Taymouth Hours

From Wikipedia, the free encyclopedia
Jump to: navigation, search
On f. 139, a framed miniature shows The Virgin presenting a crowned woman (presumably the first owner of the manuscript) to an enthroned Christ. In the bas-de-page scene, the Devil hauls the damned off to Hell.

The Taymouth Hours (British Library, Yates Thompson MS 13) is an illuminated book of Hours produced in England in about 1325–40. It is named after Taymouth Castle where it was kept after being acquired by an earl of Breadalbane by the 17th or 18th century.[1]

Most pages have a bas-de-page illustration, often accompanied by a caption in Anglo Norman French.[2] They include both sacred and secular scenes. Picture-narratives of the stories of Bevis of Hampton (ff. 8v–12) and Guy of Warwick (ff. 12v–17) appear at the beginning of the text, while below Matins of the Hours of the Virgin (ff. 60v–67v) are 15 scenes depicting a tale of a damsel captured by a wild man.[3]

There have been numerous attempts to identify the book's patron; suggestions included Isabella of France (wife of Edward II) and her daughter Joan of the Tower. In the most recent detailed study, Kathryn Smith states that the Taymouth Hours was one of the two books Philippa of Hainault, consort of Edward III, commissioned from the illuminator Richard of Oxford for 40 shillings in October 1331; Smith further suggests that she ordered the book for Edward's sister, Eleanor of Woodstock, who was then 13 years old.[4] However, there is no firm evidence to corroborate either suggestion, and more than one reviewer finds Smith's hypothesis unconvincing.[5][6]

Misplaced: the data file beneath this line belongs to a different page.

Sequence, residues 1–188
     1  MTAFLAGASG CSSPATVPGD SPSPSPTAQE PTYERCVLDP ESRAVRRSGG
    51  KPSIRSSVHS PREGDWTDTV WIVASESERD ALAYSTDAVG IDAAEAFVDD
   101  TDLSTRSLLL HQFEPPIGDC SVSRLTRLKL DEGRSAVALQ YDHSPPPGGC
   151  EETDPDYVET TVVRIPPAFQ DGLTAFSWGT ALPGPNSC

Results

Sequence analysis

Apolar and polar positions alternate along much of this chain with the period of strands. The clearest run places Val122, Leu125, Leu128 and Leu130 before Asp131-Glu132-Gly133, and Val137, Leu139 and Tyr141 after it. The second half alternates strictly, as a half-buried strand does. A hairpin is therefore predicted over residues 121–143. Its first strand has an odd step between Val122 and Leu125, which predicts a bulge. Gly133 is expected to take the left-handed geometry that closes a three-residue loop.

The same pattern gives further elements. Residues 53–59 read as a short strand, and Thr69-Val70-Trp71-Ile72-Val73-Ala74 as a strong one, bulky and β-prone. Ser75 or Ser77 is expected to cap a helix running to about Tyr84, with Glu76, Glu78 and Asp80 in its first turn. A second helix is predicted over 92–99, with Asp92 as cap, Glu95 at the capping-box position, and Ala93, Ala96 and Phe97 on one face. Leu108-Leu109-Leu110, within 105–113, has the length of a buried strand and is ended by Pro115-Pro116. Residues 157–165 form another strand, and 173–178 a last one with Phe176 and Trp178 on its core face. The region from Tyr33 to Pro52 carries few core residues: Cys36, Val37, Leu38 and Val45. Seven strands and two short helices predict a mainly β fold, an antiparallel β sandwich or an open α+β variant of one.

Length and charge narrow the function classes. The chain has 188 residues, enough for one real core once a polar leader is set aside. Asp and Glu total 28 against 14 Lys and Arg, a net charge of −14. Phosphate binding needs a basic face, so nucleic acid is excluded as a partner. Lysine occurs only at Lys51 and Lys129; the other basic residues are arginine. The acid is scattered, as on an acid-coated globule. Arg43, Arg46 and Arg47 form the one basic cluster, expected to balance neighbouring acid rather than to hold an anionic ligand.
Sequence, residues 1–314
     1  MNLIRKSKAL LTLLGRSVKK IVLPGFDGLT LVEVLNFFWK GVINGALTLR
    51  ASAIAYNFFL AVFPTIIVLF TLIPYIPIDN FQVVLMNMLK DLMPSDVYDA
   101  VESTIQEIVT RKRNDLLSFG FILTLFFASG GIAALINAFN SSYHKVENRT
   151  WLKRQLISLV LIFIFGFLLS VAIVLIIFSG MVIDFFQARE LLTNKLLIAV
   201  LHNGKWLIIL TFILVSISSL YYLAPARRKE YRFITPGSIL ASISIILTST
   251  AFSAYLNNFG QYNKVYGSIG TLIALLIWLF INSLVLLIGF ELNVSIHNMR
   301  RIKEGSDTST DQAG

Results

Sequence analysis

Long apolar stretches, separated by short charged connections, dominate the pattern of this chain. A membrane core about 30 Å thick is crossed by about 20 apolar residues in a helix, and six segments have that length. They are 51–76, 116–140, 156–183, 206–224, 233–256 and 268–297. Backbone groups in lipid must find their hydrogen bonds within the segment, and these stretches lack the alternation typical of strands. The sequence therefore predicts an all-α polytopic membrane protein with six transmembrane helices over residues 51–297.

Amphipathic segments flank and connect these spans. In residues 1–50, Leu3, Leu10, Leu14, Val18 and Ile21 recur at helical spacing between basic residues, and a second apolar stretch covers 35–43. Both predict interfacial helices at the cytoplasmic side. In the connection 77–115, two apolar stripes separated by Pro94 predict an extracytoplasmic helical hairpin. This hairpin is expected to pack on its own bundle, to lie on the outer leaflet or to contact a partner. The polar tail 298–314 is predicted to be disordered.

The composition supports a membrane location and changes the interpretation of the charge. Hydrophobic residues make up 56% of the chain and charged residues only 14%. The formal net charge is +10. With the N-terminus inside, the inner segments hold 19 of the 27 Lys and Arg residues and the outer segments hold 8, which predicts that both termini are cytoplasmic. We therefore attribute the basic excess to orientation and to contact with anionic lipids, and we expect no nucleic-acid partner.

1. ^ Detailed record for Yates Thompson 13 British Library Catalogue of Illuminated Manuscripts
  2. ^ Rudloff Stanton (2011), 105
  3. ^ Rudloff Stanton (2011), 109
  4. ^ Smith, Kathryn. The Taymouth Hours: Stories and the Construction of Self in Late Medieval England. London: British Library, 2012. ISBN 9780712358699.
  5. ^ Kidd (2013), 27
  6. ^ Weiss (2015), 158


  • Brantley, Jessica. "Images of the Vernacular in the Taymouth Hours", in Decoration and Illustration in Medieval English Manuscripts, English Manuscript Studies 1100-1700, 10. London: British Library, 2002, pp. 83–113. ISBN 9780712347327
  • Camille, Michael. Image on the Edge: The Margins of Medieval Art. London: Reaktion Books, 1992. ISBN 9780948462283
  • Rudloff Stanton, Anne. "Turning the Pages: Marginal Narratives and Devotional Practice in Gothic Prayerbooks", in Blick, Sarah and Gelfand, Laura (eds). Push Me, Pull You: Imaginative and Emotional Interaction in Late Medieval and Renaissance Art. Leiden: Brill, 2011, pp. 75–122. ISBN 9789004205734
  • Turner, Marie. "Feeling Persecuted: Christians, Jews and Images of Violence in the Middle Ages". Journal of Medieval Religious Cultures, Volume 38, No. 1, 2012. 113-117.
  • Kidd, Peter, review of "The Taymouth Hours: Stories and the Construction of the Self in Late Medieval England" by Kathryn A. Smith, in Rare Books Newsletter, Issue 95, August 2103, pp. 26–27.
  • Weiss, Judith, review of "The Taymouth Hours: Stories and the Construction of the Self in Late Medieval England" by Kathryn A. Smith, in The Catholic Historical Review Volume 101, Number 1, Winter 2015 pp. 157–58

External links[edit]